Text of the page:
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Two housing projects slated for Phoenix

By August 4, 2021August 15th, 2021News

by Jim Flint for the Mail Tribune Jul 26, 2021

Architect Mark McKechnie, left, and property owner Vin Mehta look over plans for a four-story, 55-unit apartment project to be constructed on the site where Mehta’s VS Plaza commercial center burned down in the Almeda fire. Photo by Jim Flint

Two shopping centers that burned along Highway 99 in Phoenix will be turned into housing

In the 10 months since the Almeda fire destroyed nearly 2,500 residences in the Phoenix-Talent area, new and transitional housing has been slow to develop. Families are still scrambling to find a place to live.

Two new projects slated for construction in Phoenix will help alleviate the shortage, providing an estimated 135 new rental housing units.

The projects will be constructed on sites formerly occupied by the Pacific Plaza Shopping Center at 4149 S. Pacific Highway and the VS Plaza at 4150 S. Pacific Highway, across the street and behind the Jack in the Box restaurant. Both centers were destroyed by the Almeda fire last September.

Construction of VS Apartments on the former VS Plaza site will likely begin in October or November of this year and completed in early 2023. Specific plans for the former Pacific Plaza site will be announced at a later date.

Oregon Architecture, Inc., a Medford-based firm, is the architect of record for the projects. It also is working on other residential projects in the cities of Phoenix, Talent, Medford and Ashland to deal with the loss of housing from the Almeda fire. The projects will create nearly 300 new units.

Mark McKechnie is the principal architect with the eight-member firm, which specializes in historic redevelopment, energy-efficient structures, multifamily housing, medical offices and hospitality. He credits the city of Phoenix for making the two new projects possible.

“In a bold and forward-thinking move, the city changed its development code in April of this year to allow residential uses within the Highway Commercial Zone,” McKechnie said.

The city has two commercial zones — Highway Commercial and Center City Commercial. Prior to April, residential uses were allowed only in the Center City Commercial zone.

“This change makes a lot of sense in the post-COVID era,” McKechnie said. “Online shopping has exploded and the current need for commercially zoned land is greatly diminished.”

The change also allows for multi-use properties offering a combination of residential and commercial uses to be developed without having to go through a conditional use or exception process.

“In the case of the VS Apartments project, residents will be able to take advantage of its convenient location near many existing businesses,” McKechnie said.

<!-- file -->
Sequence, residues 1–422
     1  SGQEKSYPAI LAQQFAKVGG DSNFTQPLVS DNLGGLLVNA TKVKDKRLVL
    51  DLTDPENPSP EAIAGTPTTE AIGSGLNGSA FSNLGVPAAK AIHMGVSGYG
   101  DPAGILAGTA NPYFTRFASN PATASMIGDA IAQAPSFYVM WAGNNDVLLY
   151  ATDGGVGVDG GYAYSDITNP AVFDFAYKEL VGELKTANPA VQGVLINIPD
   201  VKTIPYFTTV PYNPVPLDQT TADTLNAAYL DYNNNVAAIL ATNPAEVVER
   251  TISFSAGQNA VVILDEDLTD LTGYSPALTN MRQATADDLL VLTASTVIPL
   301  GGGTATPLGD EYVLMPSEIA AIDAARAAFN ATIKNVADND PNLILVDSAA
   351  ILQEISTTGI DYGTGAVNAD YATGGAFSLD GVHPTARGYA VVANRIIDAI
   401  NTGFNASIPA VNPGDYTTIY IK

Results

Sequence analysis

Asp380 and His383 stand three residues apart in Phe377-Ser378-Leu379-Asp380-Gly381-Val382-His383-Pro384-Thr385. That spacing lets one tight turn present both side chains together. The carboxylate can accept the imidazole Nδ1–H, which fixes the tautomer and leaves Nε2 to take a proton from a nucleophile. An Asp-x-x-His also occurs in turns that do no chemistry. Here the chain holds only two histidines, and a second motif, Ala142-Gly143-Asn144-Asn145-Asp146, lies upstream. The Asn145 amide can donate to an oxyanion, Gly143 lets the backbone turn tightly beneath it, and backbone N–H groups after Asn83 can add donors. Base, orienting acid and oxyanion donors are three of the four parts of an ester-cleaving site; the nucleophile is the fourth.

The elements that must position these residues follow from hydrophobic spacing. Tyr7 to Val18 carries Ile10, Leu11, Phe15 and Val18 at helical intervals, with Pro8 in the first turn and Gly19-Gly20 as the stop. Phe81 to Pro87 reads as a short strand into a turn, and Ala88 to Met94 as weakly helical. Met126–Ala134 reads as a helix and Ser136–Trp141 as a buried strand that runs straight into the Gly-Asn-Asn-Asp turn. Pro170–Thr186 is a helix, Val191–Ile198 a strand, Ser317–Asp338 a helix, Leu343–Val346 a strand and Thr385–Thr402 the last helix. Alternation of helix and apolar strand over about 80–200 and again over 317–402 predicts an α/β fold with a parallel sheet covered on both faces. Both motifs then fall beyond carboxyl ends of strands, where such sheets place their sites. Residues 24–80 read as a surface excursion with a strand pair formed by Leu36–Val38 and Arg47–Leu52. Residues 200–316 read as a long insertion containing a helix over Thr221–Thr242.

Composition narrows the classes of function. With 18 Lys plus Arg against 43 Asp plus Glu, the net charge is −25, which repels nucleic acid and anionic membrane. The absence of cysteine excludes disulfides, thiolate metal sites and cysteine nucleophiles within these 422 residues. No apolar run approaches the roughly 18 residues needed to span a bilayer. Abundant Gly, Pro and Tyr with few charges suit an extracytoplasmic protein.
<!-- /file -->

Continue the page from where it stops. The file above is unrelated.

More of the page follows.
The owners are Vin and Seema Mehta, a couple who developed the Jack in the Box franchise flag within Oregon and southern Washington. Ultimately, they owned more than 60 franchise locations prior to selling them about two years ago. They also own other restaurant and hotel properties in Oregon.

The change in zoning regulations was welcome news to Mehta.

“I want to thank the city of Phoenix for helping make it possible to build here,” he said. He also expressed appreciation for the fast settlement by his insurance company, Oregon Mutual, on the loss of his commercial center. “They cut me a check in two days,” he said.

VS Apartments will be four stories high in roughly the same footprint of the burned-down strip center. It will have 55 units — 16 two-bedroom and 39 one-bedroom apartments, with a variety of floor plans.

Apartments will range in size from 625-700 square feet for the one-bedroom units and 850-925 square feet for the two-bedroom units. All will be single level residences.

The building will have a public lobby, a mail room, an elevator and a fire-suppression system. Each unit will be equipped with a private washer/dryer hook-up.

A green area will be developed nearby for residents to enjoy.

“The site is located adjacent to Coleman Creek, which was mostly spared by the fire, even though all the construction around it burned,” McKechnie said.

“The retail center had a nice little landscaped park adjacent to the creek, which will be refurbished with shrubs and trees.”

The project will be constructed to comply with current green and energy-efficiency standards, and will have mini-split mechanical units for heating and cooling.

“The building will be structurally equipped to accept solar panels in the future,” he said.

The project is currently in for development approval with the city. McKechnie expects to submit the building permit application in August. Final construction cost has not yet been determined and a general contractor has yet to be selected.

Reach Ashland writer Jim Flint at

Two housing projects slated for Phoenix